Make no mistake, today’s e-discovery environment is complex and rapidly evolving. Without the right vendor, performing e-discovery services can be a costly and risky venture. But partnering with a trusted, sophisticated litigation support provider that specializes in e-discovery services can turn a risky venture into a smooth process.
Change Is the only Constant: Don’t Be Left Behind.
The e-discovery market is constantly changing. Every year, there is a new a class of e-discovery technology focused on addressing some section of the EDRM. These technologies can become outdated quickly. Case in point, judges have accepted technology-assisted review of data only recently. See Da Silva Moore v. Publicis Groupe, Civ. No. 11-1279 (ALC)(AJP), 2012 WL 607412 (S.D.N.Y. Feb. 24, 2012); Global Aerospace, Inc. v. Landow Aviation, L.P., Case No. CL 61040 (Vir. Cir. Ct. April 23, 2012); In re Actos (Pioglitazone) Prods. Liab. Litig., 2012 WL 3899669 (W.D.La. July 30, 2012). But it is anticipated to become the norm quickly in 2013.
Invest in an expensive limited solution in-house, you may end up with quickly outdated and unsupported technologies. Partner with an e-discovery vendor who uses cutting-edge e-discovery technology and knows the ins and outs of e-discovery services, save your capital investment and the time and effort otherwise spent in constantly trying to optimize it.
In-Sourcing May Be Inefficient and Expensive.
In-sourcing expenses add up quickly. Starting an in-house e-discovery department includes the time and expense of finding, training and attempting to keep qualified employees; purchasing or leasing equipment and consistently updating your chosen e-discovery tool -- not to mention spending a considerable amount to license it. You also will need to improve your equipment to keep pace with the latest e-discovery technology requirements. All this for a service you may not even use on a consistent basis.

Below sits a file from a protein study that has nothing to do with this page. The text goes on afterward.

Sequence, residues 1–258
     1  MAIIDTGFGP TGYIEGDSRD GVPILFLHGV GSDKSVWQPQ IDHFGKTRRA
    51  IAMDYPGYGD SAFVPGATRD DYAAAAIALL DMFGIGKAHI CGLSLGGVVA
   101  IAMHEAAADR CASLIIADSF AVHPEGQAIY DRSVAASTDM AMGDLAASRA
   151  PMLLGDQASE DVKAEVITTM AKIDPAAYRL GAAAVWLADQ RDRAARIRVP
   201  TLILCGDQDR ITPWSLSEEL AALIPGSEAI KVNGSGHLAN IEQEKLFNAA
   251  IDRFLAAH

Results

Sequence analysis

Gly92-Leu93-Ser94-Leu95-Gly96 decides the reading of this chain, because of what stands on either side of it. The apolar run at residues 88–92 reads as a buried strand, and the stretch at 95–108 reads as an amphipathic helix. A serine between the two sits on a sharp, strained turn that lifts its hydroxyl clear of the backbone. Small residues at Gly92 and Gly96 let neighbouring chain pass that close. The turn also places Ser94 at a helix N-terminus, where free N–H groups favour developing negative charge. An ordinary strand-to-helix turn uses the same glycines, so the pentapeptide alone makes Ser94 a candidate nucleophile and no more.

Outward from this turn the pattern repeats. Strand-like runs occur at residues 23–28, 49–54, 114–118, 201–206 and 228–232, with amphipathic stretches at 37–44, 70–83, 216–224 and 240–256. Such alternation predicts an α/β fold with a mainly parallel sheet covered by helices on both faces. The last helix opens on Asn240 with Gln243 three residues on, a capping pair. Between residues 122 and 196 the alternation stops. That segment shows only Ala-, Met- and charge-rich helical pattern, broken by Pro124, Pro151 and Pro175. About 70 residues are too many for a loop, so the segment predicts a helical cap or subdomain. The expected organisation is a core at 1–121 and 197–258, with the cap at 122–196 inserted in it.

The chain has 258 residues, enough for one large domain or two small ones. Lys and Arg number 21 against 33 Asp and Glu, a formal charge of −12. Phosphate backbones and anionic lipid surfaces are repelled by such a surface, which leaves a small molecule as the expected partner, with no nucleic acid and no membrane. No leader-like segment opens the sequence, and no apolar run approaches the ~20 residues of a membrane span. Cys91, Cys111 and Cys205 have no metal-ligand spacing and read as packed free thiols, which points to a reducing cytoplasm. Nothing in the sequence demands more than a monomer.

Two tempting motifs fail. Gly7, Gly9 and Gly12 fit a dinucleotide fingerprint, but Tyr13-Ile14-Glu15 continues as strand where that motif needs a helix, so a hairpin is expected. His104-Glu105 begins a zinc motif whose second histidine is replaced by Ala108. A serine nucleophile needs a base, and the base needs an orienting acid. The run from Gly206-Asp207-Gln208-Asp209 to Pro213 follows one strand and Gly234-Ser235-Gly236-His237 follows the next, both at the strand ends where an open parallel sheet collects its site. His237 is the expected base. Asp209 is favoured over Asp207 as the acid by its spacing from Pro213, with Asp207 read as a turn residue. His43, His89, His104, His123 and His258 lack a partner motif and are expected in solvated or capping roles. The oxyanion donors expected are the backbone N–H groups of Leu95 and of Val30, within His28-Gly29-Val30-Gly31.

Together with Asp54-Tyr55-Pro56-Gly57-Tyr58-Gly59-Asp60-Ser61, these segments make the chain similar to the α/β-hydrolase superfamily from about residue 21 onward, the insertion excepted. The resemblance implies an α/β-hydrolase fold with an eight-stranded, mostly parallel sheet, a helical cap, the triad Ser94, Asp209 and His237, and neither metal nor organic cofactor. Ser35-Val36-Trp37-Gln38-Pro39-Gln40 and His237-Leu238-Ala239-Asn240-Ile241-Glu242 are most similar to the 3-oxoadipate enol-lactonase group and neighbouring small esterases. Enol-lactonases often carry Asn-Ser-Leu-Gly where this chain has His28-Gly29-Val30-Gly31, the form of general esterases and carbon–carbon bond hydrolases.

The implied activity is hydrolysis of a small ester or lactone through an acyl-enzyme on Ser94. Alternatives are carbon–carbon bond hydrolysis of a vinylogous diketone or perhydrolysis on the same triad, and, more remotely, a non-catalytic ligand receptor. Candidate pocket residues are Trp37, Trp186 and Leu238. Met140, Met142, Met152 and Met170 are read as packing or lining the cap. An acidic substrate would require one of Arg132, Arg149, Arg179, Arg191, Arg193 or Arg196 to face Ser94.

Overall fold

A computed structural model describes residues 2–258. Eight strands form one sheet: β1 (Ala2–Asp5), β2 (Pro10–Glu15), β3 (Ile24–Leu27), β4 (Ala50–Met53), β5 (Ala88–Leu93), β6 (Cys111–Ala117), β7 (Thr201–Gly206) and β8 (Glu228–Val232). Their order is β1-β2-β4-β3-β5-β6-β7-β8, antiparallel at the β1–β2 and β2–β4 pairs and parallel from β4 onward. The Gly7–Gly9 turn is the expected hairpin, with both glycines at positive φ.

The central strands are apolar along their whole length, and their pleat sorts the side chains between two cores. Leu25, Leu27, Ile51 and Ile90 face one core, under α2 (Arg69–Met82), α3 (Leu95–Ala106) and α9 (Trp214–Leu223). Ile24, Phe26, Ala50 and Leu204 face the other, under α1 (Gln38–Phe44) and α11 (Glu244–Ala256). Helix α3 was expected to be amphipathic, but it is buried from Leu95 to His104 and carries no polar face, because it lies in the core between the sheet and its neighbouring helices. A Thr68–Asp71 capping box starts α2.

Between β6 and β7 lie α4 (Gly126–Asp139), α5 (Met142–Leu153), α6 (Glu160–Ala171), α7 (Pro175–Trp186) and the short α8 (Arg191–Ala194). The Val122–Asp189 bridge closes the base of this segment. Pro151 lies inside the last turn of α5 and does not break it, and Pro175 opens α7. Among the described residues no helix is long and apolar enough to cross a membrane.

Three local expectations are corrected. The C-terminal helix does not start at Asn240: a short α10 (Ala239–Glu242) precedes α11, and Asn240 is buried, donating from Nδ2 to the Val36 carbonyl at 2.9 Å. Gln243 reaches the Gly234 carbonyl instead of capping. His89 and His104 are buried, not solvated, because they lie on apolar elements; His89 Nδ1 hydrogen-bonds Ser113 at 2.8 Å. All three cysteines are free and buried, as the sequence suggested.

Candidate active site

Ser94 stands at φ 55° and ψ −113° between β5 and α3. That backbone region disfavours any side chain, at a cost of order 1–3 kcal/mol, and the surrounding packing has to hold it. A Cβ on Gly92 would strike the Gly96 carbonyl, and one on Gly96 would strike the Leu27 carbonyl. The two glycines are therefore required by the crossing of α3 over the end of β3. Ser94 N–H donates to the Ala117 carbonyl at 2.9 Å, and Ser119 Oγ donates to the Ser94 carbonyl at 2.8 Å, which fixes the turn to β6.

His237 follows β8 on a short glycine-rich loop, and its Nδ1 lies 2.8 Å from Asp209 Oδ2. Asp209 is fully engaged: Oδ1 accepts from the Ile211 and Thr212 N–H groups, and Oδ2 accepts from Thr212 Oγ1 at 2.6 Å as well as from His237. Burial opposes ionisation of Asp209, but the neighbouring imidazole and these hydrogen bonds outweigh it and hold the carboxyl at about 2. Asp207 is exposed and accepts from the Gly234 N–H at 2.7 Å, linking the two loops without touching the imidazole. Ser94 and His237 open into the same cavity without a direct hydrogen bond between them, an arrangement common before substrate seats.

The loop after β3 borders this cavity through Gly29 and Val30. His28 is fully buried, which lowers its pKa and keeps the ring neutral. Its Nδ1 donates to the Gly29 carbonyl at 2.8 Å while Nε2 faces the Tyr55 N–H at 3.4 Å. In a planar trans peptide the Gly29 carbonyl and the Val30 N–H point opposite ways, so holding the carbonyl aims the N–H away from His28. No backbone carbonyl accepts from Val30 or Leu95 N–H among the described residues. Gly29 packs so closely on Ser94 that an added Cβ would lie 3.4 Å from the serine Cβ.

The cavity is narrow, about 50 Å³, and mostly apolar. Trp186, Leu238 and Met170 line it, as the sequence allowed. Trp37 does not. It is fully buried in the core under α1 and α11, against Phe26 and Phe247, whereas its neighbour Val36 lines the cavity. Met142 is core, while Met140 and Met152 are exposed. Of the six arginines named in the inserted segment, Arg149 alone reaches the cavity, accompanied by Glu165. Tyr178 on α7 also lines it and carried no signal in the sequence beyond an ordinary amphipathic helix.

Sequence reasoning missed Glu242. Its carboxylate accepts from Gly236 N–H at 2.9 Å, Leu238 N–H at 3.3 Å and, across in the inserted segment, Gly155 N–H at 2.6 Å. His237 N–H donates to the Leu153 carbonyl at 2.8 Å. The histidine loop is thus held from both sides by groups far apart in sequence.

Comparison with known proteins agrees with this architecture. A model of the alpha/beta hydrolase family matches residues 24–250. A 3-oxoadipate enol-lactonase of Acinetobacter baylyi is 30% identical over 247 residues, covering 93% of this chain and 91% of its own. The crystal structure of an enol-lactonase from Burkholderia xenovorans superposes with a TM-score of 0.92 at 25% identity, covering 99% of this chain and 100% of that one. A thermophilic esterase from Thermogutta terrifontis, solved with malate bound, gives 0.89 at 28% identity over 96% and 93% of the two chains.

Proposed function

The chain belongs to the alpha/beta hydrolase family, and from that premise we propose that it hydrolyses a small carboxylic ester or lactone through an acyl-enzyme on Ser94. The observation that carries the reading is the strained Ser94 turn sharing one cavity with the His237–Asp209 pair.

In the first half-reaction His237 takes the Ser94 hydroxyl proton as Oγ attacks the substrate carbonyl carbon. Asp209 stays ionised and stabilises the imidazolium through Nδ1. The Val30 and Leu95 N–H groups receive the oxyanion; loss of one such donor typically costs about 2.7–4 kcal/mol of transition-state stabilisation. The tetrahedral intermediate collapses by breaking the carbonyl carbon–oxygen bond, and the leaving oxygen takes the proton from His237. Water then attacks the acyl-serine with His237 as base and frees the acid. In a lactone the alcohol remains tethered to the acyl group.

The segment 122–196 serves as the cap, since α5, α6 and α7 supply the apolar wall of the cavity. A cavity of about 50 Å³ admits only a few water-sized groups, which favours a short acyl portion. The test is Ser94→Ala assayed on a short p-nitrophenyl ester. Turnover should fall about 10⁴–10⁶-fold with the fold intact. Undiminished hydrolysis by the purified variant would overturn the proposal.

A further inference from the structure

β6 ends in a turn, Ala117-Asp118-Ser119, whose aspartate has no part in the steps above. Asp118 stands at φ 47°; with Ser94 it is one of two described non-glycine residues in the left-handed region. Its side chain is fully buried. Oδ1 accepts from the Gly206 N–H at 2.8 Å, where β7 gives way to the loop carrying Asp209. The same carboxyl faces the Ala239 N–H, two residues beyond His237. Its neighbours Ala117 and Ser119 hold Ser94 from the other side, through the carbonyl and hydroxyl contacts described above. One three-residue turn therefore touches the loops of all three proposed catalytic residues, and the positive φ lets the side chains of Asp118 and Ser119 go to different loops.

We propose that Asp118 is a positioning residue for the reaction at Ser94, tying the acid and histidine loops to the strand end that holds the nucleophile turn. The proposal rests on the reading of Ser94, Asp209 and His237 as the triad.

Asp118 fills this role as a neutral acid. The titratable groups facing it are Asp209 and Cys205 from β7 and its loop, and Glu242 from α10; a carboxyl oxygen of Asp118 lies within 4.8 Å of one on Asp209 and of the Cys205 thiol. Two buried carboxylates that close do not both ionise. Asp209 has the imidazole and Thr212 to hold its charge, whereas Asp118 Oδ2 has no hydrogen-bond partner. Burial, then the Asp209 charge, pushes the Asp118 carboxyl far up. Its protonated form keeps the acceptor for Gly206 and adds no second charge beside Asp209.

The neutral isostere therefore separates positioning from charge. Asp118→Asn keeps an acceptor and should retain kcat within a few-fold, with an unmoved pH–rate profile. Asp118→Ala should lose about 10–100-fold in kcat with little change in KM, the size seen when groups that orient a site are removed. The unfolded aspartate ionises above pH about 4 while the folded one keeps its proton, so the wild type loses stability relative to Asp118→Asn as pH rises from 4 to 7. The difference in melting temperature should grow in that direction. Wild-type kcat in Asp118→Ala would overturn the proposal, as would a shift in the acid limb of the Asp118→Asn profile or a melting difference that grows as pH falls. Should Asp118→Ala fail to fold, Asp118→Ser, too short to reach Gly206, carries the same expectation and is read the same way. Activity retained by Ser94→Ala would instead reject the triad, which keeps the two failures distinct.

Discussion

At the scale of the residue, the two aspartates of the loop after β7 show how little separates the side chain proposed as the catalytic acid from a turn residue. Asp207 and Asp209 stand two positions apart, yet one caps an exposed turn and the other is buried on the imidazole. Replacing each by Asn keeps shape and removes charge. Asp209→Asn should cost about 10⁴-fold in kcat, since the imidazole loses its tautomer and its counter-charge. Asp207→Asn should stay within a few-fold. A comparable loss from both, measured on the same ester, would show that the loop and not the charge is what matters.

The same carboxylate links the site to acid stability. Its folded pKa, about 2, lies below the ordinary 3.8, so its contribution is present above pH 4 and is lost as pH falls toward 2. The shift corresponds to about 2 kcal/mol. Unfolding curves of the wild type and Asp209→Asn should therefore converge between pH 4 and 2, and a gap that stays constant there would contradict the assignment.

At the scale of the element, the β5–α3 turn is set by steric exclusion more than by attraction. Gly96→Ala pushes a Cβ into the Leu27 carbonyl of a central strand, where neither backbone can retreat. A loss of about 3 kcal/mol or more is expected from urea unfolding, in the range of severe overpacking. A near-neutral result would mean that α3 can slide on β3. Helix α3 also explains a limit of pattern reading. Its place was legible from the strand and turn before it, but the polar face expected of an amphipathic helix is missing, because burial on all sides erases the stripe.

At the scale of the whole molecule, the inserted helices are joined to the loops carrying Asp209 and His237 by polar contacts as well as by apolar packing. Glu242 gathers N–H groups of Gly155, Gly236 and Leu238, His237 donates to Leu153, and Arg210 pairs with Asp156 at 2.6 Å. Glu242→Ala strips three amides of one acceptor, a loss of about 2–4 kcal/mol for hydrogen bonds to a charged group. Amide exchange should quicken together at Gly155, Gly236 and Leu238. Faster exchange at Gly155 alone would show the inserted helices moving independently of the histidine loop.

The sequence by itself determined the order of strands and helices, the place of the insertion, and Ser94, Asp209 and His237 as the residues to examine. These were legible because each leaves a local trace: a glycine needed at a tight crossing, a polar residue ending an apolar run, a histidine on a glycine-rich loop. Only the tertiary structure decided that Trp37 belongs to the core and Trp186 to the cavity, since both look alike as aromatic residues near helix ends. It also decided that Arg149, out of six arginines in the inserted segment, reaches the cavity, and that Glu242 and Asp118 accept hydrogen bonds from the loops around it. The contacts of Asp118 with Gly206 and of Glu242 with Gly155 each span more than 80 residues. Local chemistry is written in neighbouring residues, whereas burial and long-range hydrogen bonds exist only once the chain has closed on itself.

With outsourcing, you only pay for e-discovery services when you need them. Moreover, vendors offer alternative fee arrangements that may help keep down litigation costs.
It should be noted that a majority of law firms and corporations, at the very least, outsource data hosting. With its concomitant installation, maintenance and security issues; firms do not have the bandwidth nor the resources to deal with the hassles of data hosting.
Outsourcing Leverages E-Discovery Expertise . . .
E-discovery services are technical and require expertise and know how. At a trusted vendor, highly-skilled e-discovery specialists perform e-discovery work every day and have seen and solved the gamut of e-discovery issues. Last year, most e-discovery sanction cases resulted from corporations committing errors resulting from their inability to deal with voluminous data. A sophisticated vendor is an expert in dealing with large volumes and has established workflow and protocols in place to avoid such costly errors.
Centralized discovery management also provides the benefit of reducing the errors and costs typically associated with transmitting data.
. . . And Robust Security.
At this year’s LegalTech conference, an expert in law firm data security noted that “law firms are the soft underbelly” to their clients’ data. He explained that cyber-criminals do not even dispatch their best to hack into law firm data. Evan Koblentz, “LegalTech Day One: Relativity 8, Statistical Sampling, Law Firm Security,” Law Technology News, January 30, 2013, http://www.law.com/jsp/lawtechnologynews/PubArticleLTN.jsp?id=1202586212889&thepage=3. Firms may minimize the risk of compromising their clients’ sensitive data by partnering with a vendor who employs a rigorous data security protocol that has been audited and certified by a recognized independent third party.
Such a trusted vendor, with its expertise, efficiency and security, may ease navigation of a constantly changing data world.
Richard Saldivar, President Arizona/Texas, recently announced that Marquis R. McElvine joined the Phoenix office as Senior Litigation Technology Engineer.
According to Mr. Saldivar, "TERIS’ core belief is to hire employees with exceptional industry experience so clients will experience individualized best-in-class customized solutions that allow them to pay for only what they need. We strive to be an integral part of our client’s firm and to act as their right arm. Our newest hire, Marquis holds advanced experience in managing and working with eDiscovery matters. His knowledge and expertise related to search technology, document preservation, technology vendor relationships, legal consulting, record management, governmental and regulatory agencies, and historic media analysis is noteworthy."
Marquis is proficient at using Nuix for processing and searching before loading results into Relativity and is a proven expert in computer literature, SQL, C++, Nuix, EnCase, FTK, Attenex, Viewpoint, Clearwell, eCapture/IPRO, iCONECT, Summation, and Concordance. He held positions of increasing responsibility at companies including eLitigation Solutions where he managed a team which provided application training, support, and demonstrations for internal and external clients; Forensics Consulting Solutions, where he served as the Operations Manager; Renew Data, forensic/data hosting; and RLS Legal Solutions of which Mr. Saldivar was the President for ten years.